I have been a Chief Pilot for quite a few operations operating both fixed and rotary wing AC up to Airlines and took my responsibility very serious, if I found a pilot to be questionable I soon either fixed the short comings of the individual or they were terminated.


For those of you who use the argument that the unprofessional rule breaking companies will take advantage of any situation, what else is new, they have been doing this since commercial aviation started.


What would be wrong with enforcement of the regulations and flight safety being insured by the Chief Pilots backed up by the regulator?


As to the subject of dishonest untrustworthy people in the Industry, may I suggest that the regulator should look inward and clean out their own problem people within their own system?


Until the Regulator addresses the dishonest self serving individuals within their own system I see no reason for the industry to have any respect for any of them...


So those of you within the regulator who truly are there to behave with integrity and fairness may ponder on this.


And I do not want those of you who do care to take my thoughts as anything but constructive criticism with the intent to improve the industry...nothing personal meant....except of course to the ones who missuse their office within the regulator and the rule breaking scum in those companies that intimidate their employees to take chances and break the rules .


Chuck Ellsworth

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Well argued, Mr. G.


2. Your training record says you were trained. Your PPC says you met a standard. Big difference.


3. ICAO - yes I know what you mean, but they are the UN of the aviation industry. Seems to me that moving away from their standard and closer to the US model that we (rightly) mock is a step back.


5. Agree with you, but the level of oversight would be close to zero. The industry is simply not mature enough to oversee itself - we are so busy cutting each other's throats that I firmly believe that if something isn't legislated, it simply will not be done in many cases.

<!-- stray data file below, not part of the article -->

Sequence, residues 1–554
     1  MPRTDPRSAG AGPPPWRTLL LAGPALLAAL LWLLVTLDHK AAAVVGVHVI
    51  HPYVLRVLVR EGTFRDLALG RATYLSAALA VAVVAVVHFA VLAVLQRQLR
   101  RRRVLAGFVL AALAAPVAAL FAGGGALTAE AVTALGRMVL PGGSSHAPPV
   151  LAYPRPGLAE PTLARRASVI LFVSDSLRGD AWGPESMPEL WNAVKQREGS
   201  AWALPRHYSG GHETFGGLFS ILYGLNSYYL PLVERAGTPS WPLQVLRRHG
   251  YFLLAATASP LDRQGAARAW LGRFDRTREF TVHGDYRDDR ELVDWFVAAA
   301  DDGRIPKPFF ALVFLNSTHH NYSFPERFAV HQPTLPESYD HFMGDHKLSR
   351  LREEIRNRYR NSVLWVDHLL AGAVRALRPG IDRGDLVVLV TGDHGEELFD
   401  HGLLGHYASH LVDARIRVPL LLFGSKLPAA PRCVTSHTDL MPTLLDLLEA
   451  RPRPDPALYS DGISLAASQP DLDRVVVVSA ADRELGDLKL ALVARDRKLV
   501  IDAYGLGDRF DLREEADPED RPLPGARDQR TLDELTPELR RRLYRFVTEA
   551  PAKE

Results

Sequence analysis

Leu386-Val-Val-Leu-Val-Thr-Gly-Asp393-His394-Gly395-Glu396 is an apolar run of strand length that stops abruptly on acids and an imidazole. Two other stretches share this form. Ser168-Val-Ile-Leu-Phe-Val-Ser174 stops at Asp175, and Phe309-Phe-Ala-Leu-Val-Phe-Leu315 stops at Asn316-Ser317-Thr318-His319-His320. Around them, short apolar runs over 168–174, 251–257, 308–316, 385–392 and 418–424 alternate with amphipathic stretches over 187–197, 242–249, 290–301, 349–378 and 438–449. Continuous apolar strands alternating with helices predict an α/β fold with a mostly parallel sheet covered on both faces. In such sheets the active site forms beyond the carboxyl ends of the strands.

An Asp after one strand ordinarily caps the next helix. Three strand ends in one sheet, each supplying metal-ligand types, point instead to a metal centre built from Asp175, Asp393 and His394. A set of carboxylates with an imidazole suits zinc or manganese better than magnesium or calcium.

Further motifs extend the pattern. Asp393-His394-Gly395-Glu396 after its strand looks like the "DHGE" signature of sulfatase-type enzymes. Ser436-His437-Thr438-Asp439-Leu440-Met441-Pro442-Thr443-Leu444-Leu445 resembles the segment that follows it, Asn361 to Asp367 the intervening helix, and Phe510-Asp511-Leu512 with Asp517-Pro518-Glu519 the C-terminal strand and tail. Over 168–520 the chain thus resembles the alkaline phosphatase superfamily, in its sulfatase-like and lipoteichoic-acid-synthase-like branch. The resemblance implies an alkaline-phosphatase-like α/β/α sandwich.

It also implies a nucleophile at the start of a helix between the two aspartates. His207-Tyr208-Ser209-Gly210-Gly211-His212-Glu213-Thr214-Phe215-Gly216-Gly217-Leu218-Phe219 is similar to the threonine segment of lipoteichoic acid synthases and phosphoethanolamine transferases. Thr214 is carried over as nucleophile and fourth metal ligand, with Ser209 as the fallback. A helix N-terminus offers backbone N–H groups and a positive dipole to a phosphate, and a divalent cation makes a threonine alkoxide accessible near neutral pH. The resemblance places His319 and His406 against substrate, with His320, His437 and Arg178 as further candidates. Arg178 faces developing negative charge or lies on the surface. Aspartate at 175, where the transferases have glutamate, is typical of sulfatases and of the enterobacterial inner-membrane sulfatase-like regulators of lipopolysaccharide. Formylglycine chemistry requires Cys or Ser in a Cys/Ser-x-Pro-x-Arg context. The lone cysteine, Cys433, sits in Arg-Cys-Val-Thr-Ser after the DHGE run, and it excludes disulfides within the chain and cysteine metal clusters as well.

I agree with your approach on increased costs, and that starts with the customer being trained in the realities of the helicopter world. Personally, I have always found that customers are not quite as stupid as the marketing guys would have us believe. If the industry lobby would channel their energies toward customer education and high standards, instead of constantly harping at Transport Canada for 'costing them money', they'd be much further ahead.


Charles - "What would be wrong with enforcement of the regulations and flight safety being insured by the Chief Pilots backed up by the regulator?" That's what's happening now. What the regulator now wants is to get out of the business of oversight altogether.


Oversight is an interesting issue. Many disciplines have seen governments back away from oversight in the past, and allow these industries to police themselves - including some biggies like municipal water works, meat packers, nuclear plants, and electrical utilities. Funny thing is, it didn't work, and governments are now embarking on a hiring spree of meat inspectors, nuclear inspectors, water inspectors, following disasters or near-disasters in these fields.


Lack of oversight has been blamed in:


- The Ice Storm - poor maintenance of the grid meant the damage was far worse than it should have been.

- The Blackout of 2003 - same same.

- The Alaska Airlines MD83 crash

- Fuel storage site explosion at Chico California

- Swissair 111

- Bhopal

- The recent A-Star accident in Val d'Or (and in many other TSB reports

- Tissue donation deaths


and a host of others.


So why do we think it will work in aviation? Saying we don't need oversight in aviation because I am a good pilot and work for a good operator, is like saying we don't need police because I don't rob banks or speed in my car.

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I take isue with CTD's first point (great Vortex by the way!). Having over the past twenty years flown quite a few PPC's, I know I still get a tad nervous when faced with a PPC, and most of the experienced guys I fly with will admit the same thing.